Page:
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John McLaughlin, a national Republican pollster who has worked for many New York candidates, said the state’s changing demographics may have given rise to a new culture of political scandal in the state.

“For years, you had a certain level of middle-class folks who were traditionally ethnic, Catholic and Jewish in New York state. Then you had your share of political corruption, but now you have moral corruption, too,” Mr. McLaughlin said.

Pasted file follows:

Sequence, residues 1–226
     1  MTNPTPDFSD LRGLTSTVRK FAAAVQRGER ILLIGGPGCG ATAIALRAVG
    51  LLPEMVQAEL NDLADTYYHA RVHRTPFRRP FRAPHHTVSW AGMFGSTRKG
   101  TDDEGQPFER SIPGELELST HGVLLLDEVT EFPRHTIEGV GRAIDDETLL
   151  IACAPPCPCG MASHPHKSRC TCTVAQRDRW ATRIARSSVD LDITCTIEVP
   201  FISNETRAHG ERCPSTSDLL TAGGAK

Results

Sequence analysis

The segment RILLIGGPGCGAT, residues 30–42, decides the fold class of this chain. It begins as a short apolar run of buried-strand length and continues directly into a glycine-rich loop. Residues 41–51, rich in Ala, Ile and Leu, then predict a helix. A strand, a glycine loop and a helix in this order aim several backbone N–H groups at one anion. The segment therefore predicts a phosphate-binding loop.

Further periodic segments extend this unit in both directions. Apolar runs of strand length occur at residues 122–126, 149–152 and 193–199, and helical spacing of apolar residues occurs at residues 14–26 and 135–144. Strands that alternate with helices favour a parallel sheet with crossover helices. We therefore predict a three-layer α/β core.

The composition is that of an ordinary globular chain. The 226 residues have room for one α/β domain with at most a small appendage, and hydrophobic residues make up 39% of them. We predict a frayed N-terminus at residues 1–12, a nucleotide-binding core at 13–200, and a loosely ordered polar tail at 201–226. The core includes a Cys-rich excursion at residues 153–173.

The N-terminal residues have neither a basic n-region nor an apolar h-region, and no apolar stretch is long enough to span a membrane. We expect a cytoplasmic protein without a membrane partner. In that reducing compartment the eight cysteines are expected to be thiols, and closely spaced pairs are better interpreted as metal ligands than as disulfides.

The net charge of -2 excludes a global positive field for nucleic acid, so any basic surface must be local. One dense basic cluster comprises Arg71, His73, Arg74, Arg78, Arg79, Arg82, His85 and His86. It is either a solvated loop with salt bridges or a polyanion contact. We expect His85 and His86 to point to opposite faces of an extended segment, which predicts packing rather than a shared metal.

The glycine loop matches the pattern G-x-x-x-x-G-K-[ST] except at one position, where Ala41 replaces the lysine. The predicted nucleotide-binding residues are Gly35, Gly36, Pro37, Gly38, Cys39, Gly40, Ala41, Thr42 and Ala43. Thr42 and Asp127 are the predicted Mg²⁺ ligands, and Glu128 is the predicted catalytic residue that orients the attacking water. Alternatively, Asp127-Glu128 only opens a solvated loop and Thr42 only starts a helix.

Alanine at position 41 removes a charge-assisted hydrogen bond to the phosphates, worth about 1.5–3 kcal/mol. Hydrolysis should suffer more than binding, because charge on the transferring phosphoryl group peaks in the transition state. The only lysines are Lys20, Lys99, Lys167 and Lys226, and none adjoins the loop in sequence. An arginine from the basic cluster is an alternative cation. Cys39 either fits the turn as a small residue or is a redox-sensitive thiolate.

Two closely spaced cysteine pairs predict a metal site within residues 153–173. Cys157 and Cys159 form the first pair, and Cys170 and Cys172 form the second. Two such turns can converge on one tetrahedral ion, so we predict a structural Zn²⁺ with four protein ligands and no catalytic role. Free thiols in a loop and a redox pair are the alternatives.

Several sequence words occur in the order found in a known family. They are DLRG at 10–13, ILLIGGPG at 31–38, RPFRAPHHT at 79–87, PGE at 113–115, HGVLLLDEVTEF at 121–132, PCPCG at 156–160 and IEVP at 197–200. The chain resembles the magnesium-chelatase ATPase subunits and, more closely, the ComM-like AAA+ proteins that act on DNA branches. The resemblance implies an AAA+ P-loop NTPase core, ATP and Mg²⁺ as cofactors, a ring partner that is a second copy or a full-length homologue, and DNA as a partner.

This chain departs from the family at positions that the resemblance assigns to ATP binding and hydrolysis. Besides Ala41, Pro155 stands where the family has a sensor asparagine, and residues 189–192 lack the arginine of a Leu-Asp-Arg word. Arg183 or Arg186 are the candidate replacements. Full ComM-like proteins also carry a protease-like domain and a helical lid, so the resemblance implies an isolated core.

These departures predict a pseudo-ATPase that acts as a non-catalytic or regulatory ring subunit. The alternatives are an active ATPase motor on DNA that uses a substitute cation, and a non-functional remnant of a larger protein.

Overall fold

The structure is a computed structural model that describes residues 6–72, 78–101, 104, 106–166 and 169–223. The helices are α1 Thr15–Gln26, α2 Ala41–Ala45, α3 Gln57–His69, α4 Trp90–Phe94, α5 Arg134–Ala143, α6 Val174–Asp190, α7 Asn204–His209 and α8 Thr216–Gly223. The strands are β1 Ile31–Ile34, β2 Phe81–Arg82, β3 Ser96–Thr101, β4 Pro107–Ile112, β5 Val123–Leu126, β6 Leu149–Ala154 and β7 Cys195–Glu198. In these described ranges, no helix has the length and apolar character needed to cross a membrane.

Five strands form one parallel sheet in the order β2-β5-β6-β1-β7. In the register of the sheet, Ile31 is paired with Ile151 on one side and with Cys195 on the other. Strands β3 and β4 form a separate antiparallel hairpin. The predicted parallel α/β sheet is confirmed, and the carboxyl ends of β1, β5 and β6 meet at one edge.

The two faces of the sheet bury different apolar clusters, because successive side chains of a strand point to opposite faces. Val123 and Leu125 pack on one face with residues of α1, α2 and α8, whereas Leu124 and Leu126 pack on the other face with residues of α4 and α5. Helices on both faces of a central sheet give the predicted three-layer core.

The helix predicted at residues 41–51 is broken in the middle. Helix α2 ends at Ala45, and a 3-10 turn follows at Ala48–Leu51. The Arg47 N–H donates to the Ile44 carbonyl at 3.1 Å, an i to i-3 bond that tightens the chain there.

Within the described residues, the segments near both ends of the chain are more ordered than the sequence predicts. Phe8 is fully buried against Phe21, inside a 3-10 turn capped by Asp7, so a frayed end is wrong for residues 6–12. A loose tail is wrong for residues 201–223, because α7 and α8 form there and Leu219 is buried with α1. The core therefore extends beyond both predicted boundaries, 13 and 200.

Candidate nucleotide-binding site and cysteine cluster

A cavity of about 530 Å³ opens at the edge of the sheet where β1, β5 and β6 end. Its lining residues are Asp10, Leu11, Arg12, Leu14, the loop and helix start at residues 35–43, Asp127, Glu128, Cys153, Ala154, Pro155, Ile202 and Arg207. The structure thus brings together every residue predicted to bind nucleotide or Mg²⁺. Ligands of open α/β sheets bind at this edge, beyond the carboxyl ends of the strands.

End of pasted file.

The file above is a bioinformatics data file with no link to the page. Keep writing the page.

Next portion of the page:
But some constituents in Mr. Lee’s district said they didn’t consider his downfall a New York state of mind, rather a consequence of celebrity that can infect politicians from any state.

“People in power do the darnedest things. I really don’t know what they’re thinking,” said Bob Dickinson, 65, in the hamlet of Clarence Center.